Gardens are always a wager on the future. You plant a seed in the expectation that the weather, the seasons, the earth and the plant will behave more or less predictably, while also predicting some level of unpredictability. A garden is also a utopian image of a perfected future, a recovered Eden. In an increasingly unpredictable environment, we might consider the use of technological devices as our crystalline future predictors. German artist Hito Steyerl’s installation at the Venice Biennale, This is the future, an extension of her earlier Power Plants project, gently mocks such naivety.
A women prisoner, Heja, is thwarted in her attempt to germinate seeds on chewed up love letters, so she hides her garden in the future – so the film begins to unfold, layered as one of the unfurling flowers on smaller screens. These flowers are the predictions made by AI, unreliable future ghosts with even less reliable properties: ‘if you use the extract it will poison autocrats’ or make the brain ‘unsusceptible for austerity and hate speech propaganda’. Magical thinking in the bland voice of a machine.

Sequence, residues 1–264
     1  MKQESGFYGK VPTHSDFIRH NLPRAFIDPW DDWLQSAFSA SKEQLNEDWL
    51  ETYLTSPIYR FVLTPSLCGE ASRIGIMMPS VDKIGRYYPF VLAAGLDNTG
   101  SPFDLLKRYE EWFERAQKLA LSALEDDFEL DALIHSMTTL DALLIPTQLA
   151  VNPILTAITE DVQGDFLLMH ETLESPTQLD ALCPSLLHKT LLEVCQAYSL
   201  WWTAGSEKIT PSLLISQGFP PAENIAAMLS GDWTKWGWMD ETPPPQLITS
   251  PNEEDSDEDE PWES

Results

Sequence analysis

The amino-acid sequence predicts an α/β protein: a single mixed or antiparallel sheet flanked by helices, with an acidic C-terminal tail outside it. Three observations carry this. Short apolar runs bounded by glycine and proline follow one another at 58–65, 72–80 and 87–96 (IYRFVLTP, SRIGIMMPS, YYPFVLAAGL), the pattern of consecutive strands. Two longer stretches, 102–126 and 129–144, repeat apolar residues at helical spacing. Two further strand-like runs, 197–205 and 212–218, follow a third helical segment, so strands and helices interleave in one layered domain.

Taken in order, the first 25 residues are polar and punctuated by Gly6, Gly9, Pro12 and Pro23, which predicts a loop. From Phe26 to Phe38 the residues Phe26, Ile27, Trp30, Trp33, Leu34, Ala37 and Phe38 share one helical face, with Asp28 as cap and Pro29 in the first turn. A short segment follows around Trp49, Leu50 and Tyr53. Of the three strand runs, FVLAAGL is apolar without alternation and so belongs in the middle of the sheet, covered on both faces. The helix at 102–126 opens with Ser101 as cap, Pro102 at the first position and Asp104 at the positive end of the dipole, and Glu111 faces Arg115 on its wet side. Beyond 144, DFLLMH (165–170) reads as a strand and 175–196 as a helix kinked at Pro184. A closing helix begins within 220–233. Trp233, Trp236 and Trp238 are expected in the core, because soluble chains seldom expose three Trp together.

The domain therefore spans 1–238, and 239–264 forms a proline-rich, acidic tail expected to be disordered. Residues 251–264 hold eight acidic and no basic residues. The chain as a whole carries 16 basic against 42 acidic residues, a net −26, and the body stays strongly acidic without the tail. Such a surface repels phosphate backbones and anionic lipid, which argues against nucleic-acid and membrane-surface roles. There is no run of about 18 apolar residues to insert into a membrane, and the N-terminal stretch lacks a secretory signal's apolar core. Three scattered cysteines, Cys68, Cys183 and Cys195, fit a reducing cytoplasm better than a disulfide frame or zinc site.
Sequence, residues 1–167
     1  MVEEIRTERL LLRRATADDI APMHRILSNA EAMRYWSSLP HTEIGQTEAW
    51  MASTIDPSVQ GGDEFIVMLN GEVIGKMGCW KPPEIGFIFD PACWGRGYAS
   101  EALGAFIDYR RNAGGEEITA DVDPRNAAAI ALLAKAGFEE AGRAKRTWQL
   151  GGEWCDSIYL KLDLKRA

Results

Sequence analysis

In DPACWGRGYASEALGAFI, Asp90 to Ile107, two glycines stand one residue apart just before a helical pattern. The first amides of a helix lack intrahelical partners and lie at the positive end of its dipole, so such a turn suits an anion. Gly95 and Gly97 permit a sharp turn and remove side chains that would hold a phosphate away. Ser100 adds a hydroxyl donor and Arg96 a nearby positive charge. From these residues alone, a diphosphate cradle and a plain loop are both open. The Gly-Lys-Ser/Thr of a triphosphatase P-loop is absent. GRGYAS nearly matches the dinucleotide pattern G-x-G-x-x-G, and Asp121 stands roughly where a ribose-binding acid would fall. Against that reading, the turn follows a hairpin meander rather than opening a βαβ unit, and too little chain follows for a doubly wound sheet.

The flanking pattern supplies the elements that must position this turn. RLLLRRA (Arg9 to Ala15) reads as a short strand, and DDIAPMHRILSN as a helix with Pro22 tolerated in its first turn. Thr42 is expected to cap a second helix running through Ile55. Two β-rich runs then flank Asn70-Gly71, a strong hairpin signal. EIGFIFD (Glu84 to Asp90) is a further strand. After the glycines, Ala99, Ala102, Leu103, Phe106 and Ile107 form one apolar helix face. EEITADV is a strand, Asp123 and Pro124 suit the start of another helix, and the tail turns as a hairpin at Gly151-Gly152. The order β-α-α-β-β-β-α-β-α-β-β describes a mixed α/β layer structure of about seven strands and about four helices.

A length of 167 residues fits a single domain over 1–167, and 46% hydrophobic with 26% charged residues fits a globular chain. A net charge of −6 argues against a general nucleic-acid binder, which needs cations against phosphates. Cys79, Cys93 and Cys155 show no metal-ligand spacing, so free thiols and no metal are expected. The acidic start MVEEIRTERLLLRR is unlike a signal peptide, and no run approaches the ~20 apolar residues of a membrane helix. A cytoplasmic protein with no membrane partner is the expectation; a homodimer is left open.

Images of a blurred and flooded Venice (the installation’s walkways suggest a pavement raised above flooding) are interrupted by a dissolving female body, or a teeming Tokyo. Grime artist Kojey Radical speaks about photosynthesis and our reliance on it, while the garden is sought in the urban sprawl. Heja tells us: ‘I am looking for it in the many colourful places the future looked like in the 20th century.’ But since in this future ‘wealth trickled down, power comes from Fukushima and technology is rational’, success seems unlikely.
As Heja concludes finally, ‘None of this will ever happen. I will never enter the future to look for my garden, because it is already here.’
For all the gaudy efflorescence of the simulated garden, the installation returns us to the living moment, and to living in uncertainty, ‘without yours, without us, with doubt’, with seeds on chewed up paper, nurtured in secret.